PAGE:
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Whether or not you believe that Richard III is a hero or a villain, it was a great discovery when his bones were discovered under a parking lot at the site of a long-gone medieval church. Having read quite a bit about Richard, I’ve come down on the side of those who believe that his reputation was systematically vilified by the Tudors. The Guardian.com has posted some brilliant photos of scenes from the March 22, 2015 procession to escort the coffin of Richard III from the University of Leicester to Leicester Cathedral, where it is currently on view and will be interred on March 25. This is not an official state ceremony, but one sponsored by the city and the Richard III Society. I believe that Richard deserves a king’s funeral and am pleased to see the pageantry that he was denied. May his remains at long last rest in peace.
Canadian-born carpenter Michael Ibsen, left, the King’s 17th great-grandnephew, places a rose on the oak coffin, which he had the honor to build. Photograph: Suzanne Plunkett/Reuters
Cortege leaves the University. Photograph: Andy Rain/EPA
Members of a re-enactment group await the ceremonial procession at Bosworth Battlefield Heritage Centre in Leicestershire. Photograph: Ben Stansall/AFP/Getty Images
Cadets wheel Richard III’s coffin on to the battefield at Bosworth. Photograph: Eddie Keogh/Reuters
A historical re-enactor of the Plantagenet era plays the drums prior to the battlefield gun salute. Photograph: Andrew Cowie/EPA
Members of the King’s Guard. Photograph: Peter Macdiarmid/Getty Images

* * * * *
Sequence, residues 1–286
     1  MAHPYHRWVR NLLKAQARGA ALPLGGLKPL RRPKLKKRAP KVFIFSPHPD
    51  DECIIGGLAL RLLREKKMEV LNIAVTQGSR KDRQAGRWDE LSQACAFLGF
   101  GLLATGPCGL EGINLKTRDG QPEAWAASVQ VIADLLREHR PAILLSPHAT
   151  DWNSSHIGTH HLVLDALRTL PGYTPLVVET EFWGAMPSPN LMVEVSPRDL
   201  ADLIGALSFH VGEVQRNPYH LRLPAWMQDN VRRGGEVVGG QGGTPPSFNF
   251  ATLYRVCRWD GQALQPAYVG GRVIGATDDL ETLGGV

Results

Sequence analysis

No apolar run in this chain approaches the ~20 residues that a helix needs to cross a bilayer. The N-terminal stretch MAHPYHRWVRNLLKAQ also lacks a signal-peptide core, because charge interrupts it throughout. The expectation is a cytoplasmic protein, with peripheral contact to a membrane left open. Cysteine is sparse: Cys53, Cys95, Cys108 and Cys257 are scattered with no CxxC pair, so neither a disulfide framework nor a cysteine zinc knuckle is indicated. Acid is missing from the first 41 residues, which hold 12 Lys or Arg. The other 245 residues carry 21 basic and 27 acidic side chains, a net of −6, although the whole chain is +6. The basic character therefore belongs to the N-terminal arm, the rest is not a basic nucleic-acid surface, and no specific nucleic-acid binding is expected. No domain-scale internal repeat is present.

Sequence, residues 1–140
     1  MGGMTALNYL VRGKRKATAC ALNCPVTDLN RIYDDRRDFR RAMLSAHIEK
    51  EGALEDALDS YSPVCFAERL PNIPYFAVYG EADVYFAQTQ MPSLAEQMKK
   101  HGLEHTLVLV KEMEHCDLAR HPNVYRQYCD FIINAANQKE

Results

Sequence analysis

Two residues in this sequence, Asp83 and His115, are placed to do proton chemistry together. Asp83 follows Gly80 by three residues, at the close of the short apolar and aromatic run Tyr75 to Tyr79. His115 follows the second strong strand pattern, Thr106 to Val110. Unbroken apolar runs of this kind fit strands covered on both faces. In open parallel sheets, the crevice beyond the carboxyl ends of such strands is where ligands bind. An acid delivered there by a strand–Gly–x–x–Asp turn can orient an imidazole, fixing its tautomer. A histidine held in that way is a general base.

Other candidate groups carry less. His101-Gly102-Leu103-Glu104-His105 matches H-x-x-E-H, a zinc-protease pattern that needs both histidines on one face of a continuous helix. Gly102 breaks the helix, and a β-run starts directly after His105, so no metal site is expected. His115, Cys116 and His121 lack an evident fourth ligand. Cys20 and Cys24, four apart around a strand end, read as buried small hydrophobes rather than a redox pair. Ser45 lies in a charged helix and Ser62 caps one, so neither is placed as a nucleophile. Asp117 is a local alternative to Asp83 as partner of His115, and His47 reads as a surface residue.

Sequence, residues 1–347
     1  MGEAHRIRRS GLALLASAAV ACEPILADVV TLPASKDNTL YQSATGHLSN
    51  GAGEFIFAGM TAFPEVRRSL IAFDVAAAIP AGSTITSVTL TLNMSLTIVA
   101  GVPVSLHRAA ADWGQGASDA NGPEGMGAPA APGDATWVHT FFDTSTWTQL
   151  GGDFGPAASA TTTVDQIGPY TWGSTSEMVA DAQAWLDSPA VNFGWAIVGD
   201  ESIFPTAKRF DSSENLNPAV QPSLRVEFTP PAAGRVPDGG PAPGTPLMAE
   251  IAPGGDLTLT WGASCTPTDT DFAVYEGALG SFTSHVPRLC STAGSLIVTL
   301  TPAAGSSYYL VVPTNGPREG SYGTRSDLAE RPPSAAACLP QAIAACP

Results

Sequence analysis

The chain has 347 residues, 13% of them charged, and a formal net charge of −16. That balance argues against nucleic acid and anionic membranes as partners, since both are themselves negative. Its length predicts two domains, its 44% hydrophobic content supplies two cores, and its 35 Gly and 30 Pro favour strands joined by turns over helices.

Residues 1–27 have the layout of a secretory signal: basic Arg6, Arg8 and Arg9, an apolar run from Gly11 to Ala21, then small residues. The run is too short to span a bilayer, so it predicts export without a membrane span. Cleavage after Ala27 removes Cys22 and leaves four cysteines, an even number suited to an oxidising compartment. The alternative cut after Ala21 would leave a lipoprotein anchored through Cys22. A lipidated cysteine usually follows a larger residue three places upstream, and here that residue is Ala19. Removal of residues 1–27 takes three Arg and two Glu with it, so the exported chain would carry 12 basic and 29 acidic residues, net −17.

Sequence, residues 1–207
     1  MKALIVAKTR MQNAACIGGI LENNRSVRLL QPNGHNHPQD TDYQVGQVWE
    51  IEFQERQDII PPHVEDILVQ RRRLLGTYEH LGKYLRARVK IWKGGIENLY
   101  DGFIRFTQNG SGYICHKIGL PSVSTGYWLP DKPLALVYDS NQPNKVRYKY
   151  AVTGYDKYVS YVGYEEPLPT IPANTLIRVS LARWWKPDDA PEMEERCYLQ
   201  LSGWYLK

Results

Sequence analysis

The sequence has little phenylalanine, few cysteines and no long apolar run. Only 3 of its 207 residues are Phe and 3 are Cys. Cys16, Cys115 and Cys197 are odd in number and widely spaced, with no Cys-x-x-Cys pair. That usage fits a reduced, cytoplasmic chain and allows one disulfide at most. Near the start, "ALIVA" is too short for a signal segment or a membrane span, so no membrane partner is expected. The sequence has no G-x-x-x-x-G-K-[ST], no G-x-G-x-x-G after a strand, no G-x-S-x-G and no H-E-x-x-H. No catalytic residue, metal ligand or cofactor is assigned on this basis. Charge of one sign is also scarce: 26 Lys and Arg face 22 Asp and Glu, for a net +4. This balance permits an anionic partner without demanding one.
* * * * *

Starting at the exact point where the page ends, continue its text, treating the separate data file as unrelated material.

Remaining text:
Photograph: Andrew Cowie/EPA
White roses, one of Richard’s symbols as a Yorkist, on the bonnet of the hearse carrying Richard III’s coffin as it processes towards Leicester. Photograph: Darren Staples/Reuters
Richard III’s coffin processes on a gun carriage through Leicester on its way to the cathedral. Photograph: Suzanne Plunkett/Reuters
White roses lie at the foot of King Richard III’s statue outside the cathedral . His funeral on Thursday is taking place more than 500 years after his death Photograph: Andy Rain/EPA
Richard III’s coffin is draped in a specially-embroidered pall and adorned with a crown Photograph: Christopher Furlong/Getty Images
The crown which sits atop the coffin inside Leicester Cathedral Photograph: Andy Rain/EPA
If you’ve had the patience to scroll all the way through, here’s a little reward. Medieval English language specialist Dr. Philip Shaw reads from one of Richard’s own letters, to convey how he would likely have sounded when he spoke. Here’s a link to the audio clip, and here’s one to the text from which Dr. Shaw is reading. Interesting!